I’ve had writers block. If you’re a writer, you know all about that. Anyone in any regular creative endeavor has found themselves at one time or another stuck with seemingly no way to proceed. Undoubtedly, something always jars loose the obstacle in the mind that won’t let you proceed. I’ve come to recognize the source of my writer’s block as a combination of two seemingly disparate situations that are surprisingly connecting in my mind around the theme of faith crisis/doubt.
My daughter’s best friend has been in a 14-month battle (yes, I chose that word) with grade 4 glioblastoma brain cancer. She’s 25. In the midst of this, my prayers have consisted of begging, bargaining, and pleading. And I’ve asked the “Why?” questions that are so unanswerable. And I’ve shaken my fist at God. And, I’ve found myself in moments of faith crisis. I have places to bring my doubt and my anger. And, while I’m dismayed that, rather than being able to lean deeply on my faith in this time, I have found myself at times in crisis, I know that it’s normal and it will be ok.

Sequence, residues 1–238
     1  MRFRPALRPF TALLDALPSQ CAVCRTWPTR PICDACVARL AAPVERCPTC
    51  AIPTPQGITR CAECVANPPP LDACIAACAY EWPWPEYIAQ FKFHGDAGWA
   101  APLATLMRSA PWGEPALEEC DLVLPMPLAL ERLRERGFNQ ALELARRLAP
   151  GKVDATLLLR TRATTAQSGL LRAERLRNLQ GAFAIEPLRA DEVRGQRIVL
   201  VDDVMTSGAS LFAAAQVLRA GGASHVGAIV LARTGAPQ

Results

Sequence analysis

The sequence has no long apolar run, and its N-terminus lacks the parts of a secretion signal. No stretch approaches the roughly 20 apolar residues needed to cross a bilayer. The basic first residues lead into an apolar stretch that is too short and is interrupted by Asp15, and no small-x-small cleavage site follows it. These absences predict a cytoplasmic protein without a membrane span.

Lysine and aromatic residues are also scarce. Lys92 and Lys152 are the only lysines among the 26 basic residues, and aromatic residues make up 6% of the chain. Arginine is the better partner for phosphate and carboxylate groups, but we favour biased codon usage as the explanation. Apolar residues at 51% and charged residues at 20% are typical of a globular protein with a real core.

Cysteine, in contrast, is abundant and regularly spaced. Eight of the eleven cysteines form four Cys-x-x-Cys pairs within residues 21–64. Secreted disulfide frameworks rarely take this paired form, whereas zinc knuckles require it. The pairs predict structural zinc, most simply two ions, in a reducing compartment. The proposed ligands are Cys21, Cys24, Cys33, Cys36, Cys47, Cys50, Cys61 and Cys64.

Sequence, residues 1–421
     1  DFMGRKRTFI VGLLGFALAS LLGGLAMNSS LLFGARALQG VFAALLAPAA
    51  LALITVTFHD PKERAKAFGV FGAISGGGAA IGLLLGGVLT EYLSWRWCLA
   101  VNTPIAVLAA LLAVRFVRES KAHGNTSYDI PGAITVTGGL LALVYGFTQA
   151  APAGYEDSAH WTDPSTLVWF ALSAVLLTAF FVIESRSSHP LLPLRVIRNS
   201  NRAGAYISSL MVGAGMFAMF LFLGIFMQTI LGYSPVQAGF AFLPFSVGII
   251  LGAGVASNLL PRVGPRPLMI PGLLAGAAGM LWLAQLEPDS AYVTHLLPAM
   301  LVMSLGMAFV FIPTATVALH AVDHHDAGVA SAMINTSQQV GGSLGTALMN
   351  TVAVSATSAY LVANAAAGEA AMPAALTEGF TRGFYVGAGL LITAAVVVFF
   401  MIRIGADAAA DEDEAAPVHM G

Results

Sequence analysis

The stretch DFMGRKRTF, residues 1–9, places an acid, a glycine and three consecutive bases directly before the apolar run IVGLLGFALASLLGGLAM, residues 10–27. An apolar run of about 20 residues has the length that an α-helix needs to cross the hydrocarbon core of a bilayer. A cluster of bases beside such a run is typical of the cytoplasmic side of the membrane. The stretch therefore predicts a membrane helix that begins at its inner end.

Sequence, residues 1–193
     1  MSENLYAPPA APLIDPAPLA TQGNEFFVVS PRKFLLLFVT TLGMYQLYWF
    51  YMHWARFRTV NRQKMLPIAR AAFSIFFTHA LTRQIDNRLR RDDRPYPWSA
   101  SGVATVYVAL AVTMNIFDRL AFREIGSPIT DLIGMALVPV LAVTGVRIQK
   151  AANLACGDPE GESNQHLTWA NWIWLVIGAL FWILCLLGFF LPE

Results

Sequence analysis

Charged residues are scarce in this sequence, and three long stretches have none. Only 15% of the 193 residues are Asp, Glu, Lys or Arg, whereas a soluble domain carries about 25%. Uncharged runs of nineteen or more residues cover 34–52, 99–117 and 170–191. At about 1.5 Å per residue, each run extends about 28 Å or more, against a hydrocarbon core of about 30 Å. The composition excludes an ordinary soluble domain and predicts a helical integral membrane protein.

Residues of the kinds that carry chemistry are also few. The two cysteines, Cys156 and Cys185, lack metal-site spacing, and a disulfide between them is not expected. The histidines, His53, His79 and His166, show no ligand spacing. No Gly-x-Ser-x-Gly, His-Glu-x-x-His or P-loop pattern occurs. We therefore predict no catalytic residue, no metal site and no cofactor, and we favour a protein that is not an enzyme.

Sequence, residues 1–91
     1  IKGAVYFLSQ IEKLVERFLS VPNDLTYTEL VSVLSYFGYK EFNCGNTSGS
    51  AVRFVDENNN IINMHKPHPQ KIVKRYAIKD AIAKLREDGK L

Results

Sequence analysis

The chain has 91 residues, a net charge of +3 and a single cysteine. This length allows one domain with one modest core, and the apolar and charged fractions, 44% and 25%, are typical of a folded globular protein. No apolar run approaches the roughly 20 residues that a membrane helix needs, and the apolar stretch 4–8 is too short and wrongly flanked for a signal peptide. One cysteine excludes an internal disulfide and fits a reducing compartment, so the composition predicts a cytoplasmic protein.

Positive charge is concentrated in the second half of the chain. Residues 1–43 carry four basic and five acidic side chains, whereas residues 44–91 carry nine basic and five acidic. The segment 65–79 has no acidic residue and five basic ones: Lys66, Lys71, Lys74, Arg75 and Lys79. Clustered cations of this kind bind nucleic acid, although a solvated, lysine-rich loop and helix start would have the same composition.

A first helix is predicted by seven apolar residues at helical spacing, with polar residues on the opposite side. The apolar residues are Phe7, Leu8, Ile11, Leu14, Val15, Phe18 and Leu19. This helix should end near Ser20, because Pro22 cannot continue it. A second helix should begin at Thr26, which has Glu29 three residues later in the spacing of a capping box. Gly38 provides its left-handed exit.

The second situation is one I’ve been pondering as I’ve been studying mission and leadership at Luther Seminary. That being that the United States is in an institutionalized religion crisis. These two situations are intersecting for me in this moment at this point of doubt.
These situations intersect at doubt because we (“the church”) are told that institutionalized religion isn’t cutting it for the “seekers” and the young. It’s not a place that welcomes the “Why?” questions or the doubt. We don’t dig deeply into the mucky stuff and the hard stuff of faith; we are afraid to discuss the theological wrestlings for which we have no answers; we sugarcoat theology to make it palatable; and so we’re losing the up and coming generations.
I don’t know if we know exactly why people are rejecting church these days - certainly there isn’t one single reason and there isn’t a simple fix. And none of us will have the answers to some of our theological WHY questions while we walk this earth.
But here’s the leadership thought of the day: if we as leaders aren’t making space – a lot of space – for talking about the hard stuff; if we aren’t welcoming the “Why?” questions; if we aren’t loving people through their doubt and their faith crises, and being vulnerable enough to share our own, then we are missing a big piece of the command “love thy neighbor.” We are also missing a great opportunity to lead. So I ask you, what is your church doing (better yet, what are YOU doing) to make a lot of welcoming and loving space for conversations of doubt and really hard theological questions? When was the last time you shared your own questions/doubts with others?